Survivors may sue VW

FRANKFURT — A class-action lawsuit may be filed against Volkswagen next month on behalf of former slave laborers forced to work for the company during World War II.

Melvin Weiss, a New York-based lawyer who has filed lawsuits on behalf of other wartime slave laborers, told the German newspaper Die Tageszeitung earlier this week that the compensation fund announced recently for former slave laborers by the German auto manufacturer is insufficient. He claims that the company is only prepared to pay small sums to its former slave laborers.

Volkswagen made its announcement in June, shortly after it became known that German lawyer Klaus von Muenchhausen planned to file a suit in German courts against the company on behalf of 30 clients living in Israel.

Earlier this year, Weiss filed a suit in a U.S. court against Ford to press compensation claims from former slave laborers during WWII at a Ford subsidiary in the German town of Cologne.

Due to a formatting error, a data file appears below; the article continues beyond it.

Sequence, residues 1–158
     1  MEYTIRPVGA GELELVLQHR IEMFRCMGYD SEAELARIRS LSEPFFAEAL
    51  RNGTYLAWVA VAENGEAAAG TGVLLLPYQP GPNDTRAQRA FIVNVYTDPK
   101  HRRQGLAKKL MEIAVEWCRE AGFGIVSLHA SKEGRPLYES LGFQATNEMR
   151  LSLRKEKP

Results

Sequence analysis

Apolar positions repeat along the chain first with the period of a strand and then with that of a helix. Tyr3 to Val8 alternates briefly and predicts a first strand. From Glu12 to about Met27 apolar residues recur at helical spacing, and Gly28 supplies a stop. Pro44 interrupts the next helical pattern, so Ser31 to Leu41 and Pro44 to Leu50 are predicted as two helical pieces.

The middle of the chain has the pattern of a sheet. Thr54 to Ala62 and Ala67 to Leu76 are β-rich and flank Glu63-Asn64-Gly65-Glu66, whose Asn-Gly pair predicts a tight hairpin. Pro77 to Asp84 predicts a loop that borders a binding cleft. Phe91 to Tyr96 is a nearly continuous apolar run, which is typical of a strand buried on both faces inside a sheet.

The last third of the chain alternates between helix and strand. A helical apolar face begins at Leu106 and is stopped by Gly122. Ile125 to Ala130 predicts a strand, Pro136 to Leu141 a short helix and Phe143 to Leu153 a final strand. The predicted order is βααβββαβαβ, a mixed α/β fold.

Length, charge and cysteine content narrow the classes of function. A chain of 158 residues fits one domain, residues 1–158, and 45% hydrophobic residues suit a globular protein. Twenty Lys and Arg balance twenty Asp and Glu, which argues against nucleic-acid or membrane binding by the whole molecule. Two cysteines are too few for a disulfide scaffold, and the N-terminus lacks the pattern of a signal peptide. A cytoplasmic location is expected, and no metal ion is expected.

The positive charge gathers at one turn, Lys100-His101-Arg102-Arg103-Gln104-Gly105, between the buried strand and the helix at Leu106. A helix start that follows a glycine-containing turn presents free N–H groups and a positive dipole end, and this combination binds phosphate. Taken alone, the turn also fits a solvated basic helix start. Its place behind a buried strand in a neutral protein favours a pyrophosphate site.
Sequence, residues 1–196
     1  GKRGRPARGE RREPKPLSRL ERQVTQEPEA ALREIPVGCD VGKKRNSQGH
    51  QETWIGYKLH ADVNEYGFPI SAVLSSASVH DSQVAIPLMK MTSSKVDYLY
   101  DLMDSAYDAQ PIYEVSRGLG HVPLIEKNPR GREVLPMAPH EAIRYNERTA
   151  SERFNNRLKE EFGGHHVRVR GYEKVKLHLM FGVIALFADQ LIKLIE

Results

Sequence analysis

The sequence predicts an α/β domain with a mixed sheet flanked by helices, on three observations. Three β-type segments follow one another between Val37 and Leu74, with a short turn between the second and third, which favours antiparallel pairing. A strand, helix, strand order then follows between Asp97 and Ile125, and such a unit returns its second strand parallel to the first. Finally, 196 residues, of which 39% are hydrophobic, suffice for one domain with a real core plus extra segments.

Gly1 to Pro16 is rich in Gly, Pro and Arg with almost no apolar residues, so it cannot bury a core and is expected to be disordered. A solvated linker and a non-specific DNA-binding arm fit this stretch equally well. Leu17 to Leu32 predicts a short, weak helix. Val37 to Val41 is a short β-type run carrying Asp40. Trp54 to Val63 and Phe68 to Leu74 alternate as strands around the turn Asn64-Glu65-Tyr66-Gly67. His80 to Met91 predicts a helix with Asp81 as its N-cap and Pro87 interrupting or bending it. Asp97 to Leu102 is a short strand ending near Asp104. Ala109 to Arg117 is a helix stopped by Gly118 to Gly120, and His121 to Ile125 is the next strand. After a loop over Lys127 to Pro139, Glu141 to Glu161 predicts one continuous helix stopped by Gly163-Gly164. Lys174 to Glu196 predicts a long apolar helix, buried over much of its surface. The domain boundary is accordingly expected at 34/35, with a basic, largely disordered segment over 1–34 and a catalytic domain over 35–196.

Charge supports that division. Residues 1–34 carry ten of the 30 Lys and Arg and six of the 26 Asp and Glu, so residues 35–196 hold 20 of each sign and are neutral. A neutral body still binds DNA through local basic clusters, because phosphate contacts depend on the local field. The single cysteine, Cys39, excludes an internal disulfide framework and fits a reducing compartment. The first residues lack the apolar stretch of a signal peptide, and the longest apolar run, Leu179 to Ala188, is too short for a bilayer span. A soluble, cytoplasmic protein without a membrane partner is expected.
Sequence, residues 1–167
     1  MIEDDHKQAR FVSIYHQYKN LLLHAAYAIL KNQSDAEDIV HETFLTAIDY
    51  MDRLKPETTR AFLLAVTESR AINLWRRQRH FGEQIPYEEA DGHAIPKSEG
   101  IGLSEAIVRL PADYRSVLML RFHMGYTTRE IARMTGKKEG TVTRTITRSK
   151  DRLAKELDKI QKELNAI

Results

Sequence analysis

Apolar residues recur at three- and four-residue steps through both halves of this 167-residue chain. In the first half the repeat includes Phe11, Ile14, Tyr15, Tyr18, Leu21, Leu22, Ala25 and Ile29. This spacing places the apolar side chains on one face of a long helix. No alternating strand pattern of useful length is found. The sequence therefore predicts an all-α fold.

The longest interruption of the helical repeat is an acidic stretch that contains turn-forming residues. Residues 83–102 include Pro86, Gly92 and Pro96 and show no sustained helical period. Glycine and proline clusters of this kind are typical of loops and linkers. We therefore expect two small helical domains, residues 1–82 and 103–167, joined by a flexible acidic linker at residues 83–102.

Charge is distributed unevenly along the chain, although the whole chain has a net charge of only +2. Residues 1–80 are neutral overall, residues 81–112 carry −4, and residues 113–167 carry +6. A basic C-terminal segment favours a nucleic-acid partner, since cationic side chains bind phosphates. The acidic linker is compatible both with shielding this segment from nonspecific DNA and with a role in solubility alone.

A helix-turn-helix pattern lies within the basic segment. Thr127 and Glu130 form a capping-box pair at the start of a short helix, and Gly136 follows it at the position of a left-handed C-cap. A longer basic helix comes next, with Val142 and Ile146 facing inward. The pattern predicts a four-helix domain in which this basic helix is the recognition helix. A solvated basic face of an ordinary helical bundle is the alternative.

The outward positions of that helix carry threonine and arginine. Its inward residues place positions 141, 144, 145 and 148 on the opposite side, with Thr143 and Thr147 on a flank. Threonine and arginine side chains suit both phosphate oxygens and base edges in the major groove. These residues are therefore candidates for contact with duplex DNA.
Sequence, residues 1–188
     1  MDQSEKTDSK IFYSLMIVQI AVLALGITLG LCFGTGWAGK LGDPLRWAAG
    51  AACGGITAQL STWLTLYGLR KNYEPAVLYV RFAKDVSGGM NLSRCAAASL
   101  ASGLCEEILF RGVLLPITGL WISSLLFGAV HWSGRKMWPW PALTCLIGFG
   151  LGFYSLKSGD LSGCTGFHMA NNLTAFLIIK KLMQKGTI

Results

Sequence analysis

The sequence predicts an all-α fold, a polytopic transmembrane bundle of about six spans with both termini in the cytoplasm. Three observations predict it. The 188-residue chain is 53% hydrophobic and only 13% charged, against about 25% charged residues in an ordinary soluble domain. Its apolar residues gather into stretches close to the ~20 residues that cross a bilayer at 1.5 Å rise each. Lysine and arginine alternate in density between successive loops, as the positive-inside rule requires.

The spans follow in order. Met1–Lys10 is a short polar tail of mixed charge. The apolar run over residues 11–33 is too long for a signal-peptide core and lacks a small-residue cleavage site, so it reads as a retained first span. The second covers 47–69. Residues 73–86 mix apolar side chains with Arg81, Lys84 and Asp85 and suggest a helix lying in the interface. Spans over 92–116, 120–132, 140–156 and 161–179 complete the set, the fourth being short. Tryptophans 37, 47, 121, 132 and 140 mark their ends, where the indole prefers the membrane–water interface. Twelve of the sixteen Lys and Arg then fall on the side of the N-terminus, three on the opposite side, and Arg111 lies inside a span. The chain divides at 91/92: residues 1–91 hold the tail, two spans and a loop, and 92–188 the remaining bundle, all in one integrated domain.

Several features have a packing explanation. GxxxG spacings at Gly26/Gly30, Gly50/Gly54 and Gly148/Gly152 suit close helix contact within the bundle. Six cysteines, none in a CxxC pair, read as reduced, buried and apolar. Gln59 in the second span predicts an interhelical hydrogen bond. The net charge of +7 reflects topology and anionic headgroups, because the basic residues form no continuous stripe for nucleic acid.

Weiss, who claims to represent Jewish and non-Jewish clients in numerous countries, said he plans to file more suits against German companies. "We want to file lawsuits against 10 to 15 companies — all the large enterprises that used slave labor."

It is unclear which, if any, of these cases will be accepted by U.S. courts. But German companies have said in the past that they fear the negative publicity that could result from such lawsuits.

After Volkswagen announced it would pay limited compensation to former slave laborers, the Conference on Jewish Material Claims Against Germany called on other German companies to make similar moves. The organization is also pressing for the resolution of claims against German insurance companies and banks that profited from Holocaust victims.